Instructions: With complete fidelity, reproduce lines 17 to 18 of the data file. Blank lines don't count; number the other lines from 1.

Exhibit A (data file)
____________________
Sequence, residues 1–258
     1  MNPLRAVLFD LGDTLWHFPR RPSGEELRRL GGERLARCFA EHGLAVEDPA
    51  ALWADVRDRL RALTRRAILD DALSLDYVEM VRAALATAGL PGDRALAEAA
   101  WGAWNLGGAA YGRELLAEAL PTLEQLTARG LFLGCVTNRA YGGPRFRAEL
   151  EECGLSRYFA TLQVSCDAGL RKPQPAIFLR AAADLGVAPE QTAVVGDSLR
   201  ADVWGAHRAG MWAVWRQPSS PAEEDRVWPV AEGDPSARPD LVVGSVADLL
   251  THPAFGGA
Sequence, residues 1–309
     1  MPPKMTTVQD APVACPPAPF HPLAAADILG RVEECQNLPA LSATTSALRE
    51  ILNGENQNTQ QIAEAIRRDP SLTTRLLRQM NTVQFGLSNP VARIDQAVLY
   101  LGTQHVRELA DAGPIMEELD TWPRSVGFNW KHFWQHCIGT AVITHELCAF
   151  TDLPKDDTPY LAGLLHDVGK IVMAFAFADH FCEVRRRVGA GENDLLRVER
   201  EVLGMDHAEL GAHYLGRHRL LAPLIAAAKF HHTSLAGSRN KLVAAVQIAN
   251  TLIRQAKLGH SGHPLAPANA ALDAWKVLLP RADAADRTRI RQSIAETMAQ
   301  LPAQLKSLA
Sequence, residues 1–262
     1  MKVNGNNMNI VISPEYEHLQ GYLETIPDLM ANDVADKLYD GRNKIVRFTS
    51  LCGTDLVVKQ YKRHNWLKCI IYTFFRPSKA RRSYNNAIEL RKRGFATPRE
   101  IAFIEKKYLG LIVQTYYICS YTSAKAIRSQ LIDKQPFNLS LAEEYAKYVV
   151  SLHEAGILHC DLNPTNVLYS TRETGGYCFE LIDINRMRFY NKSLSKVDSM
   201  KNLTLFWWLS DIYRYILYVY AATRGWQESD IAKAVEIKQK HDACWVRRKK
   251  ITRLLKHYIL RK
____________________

     1  MKVNGNNMNI VISPEYEHLQ GYLETIPDLM ANDVADKLYD GRNKIVRFTS
    51  LCGTDLVVKQ YKRHNWLKCI IYTFFRPSKA RRSYNNAIEL RKRGFATPRE